"Arangar is dead, lost to us One might think you are making a habit of this sort of thing, Graendal." ...
... “It will not be used against me, or others of the Chosen I do not wish your apparent habit to be indulged further …”
I totally missed this the first time around, but now knowing that Graendal killed Asmodean, I conclude that Moridin clearly knows it and refers to it here. After all, one killing could hardly count as a habit. Or am I forgetting another Forsaken she killed?
2. neverspeakawordagain
On my re-read of this section, I was really, really struck by how much my opinion of the Trakand brothers had flip-flopped -- around about Lord of Chaos I loathed Galad completely and felt very sorry for Gawyn, but I really did a 180 on both of those characters by this book, and I never really did get back around to liking Gawyn.

I've always also been something of an Egwene... not hater, exactly, but disliker, and so the scenes of them together were always my least favorite part of this book.
3. Jonellin Stonebreaker
Great commentary as usual, Leigh. I will, however take issue with your characterization of Galad's future plans for the Children.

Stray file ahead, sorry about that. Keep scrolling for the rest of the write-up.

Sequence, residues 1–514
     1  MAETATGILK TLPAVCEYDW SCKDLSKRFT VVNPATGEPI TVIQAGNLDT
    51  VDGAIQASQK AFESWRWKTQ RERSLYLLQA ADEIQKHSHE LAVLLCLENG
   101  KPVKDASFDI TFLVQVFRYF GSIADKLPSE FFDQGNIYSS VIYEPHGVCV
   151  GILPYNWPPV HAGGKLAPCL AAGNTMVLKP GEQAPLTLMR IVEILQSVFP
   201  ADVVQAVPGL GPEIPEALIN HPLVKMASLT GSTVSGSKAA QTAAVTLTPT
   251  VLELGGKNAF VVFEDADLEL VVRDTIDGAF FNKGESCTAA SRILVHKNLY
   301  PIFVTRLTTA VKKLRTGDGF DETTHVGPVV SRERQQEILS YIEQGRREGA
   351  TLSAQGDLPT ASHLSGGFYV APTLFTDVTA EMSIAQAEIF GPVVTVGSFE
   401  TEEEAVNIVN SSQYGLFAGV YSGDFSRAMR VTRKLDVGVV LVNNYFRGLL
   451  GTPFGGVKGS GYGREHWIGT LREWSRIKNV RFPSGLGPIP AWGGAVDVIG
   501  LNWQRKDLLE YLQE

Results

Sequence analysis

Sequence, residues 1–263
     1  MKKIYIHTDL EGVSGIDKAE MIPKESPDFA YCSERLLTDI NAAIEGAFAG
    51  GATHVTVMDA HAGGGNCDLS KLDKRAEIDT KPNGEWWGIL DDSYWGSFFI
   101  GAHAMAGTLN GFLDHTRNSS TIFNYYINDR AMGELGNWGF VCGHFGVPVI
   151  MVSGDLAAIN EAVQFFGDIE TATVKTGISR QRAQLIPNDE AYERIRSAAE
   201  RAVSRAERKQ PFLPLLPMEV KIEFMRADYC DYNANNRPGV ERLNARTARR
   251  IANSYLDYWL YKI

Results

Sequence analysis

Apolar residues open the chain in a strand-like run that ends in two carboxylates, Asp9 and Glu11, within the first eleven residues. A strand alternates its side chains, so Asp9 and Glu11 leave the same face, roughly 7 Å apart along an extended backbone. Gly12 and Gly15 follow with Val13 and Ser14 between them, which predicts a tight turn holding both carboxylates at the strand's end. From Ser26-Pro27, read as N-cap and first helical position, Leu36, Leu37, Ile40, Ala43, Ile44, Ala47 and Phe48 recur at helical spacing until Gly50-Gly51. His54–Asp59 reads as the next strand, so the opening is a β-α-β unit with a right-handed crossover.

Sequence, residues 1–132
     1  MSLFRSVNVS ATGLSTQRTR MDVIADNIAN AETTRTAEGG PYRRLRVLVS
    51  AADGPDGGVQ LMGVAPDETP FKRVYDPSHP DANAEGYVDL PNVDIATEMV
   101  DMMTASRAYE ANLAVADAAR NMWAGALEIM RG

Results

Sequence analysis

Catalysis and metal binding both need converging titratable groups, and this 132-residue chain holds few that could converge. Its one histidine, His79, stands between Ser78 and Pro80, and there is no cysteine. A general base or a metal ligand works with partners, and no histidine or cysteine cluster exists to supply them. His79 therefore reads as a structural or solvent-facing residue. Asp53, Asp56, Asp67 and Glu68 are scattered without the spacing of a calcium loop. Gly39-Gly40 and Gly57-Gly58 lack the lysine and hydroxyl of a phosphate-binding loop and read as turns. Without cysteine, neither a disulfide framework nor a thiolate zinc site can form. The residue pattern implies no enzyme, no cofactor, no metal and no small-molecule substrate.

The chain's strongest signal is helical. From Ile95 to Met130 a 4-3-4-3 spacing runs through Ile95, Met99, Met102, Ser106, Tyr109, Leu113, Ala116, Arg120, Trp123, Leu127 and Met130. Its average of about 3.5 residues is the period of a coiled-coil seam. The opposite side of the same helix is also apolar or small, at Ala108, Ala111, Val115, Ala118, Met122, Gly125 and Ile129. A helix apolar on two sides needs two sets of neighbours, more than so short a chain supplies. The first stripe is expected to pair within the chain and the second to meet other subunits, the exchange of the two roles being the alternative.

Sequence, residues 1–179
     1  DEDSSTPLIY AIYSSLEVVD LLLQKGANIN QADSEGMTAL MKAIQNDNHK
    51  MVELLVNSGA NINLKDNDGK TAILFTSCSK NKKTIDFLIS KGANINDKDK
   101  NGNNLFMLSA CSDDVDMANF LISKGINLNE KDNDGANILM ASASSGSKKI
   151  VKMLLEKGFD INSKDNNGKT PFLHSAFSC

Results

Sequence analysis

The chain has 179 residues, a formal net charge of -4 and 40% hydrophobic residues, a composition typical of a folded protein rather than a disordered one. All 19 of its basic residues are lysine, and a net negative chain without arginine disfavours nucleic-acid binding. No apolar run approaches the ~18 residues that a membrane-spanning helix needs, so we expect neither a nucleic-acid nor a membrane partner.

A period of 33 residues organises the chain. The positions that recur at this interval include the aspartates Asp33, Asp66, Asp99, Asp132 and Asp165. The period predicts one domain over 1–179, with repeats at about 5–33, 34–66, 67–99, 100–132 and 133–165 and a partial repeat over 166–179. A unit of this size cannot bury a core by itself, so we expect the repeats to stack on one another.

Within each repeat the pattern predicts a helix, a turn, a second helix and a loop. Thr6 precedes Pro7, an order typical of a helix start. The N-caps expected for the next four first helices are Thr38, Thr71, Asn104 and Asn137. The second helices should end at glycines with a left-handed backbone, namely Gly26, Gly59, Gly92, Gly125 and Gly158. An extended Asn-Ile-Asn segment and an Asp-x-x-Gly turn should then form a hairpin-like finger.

I believe his aim is to have the Children be the darkhunting order they were always meant to be; one that is respectful of the sovereignty of the nations in which they find themselves, while maintaining a certain distance from the ruling classes, the better to show themselves as being truly interested in their work of opposing the Dark One and his associates as opposed to using it to gain political power.

The classic noir private eye was always on the the side of right, but never allowed himself to be an auxiliary of the police force.

As for Gawyn... nuff said.
Charles Gaston
4. parrothead
Gah! Now I'm crossing over Bleach with WoT in my head. And it is glorious.

I'm actually on Gawyn's side here. Partially because, well, he's right on so many things, and partially because Egwene's martyrdom complex has gone on way too long. You won, you're the Amyrlin now, get over yourself. Stop talking in the third person and belittling everyone who cares about you, the ones who care about you personally, like Gawyn and Siuan. This is especially irritating as, even a few chapters ago, she was all "I can bring Rand down to human level"; funny how that seems to be a one-way street. Damn, girl, for 1 1/2 books you were my all time fave, and now it's just blarg.
Kate Nepveu
5. katenepveu
*waves to Leigh*

And yes, I was super-surprised and pleased to be a dead Aes Sedai (kind folks on the Internet alerted me to it when the book was released but before I read it, otherwise I might not have noticed because I don't register names a lot of the time! My husband, who had the book first, actually went right past it.). WOT fandom has meant a lot to me and it was really great.
Matt Spencer
6. MisunderstoodMe
@4 I agree that Gawyn could be a humanizing element for Egwene - but as of this chapter he's doing it too intentionally, he's got too much to gain, and there's too much antipathy for his character for it to really work well.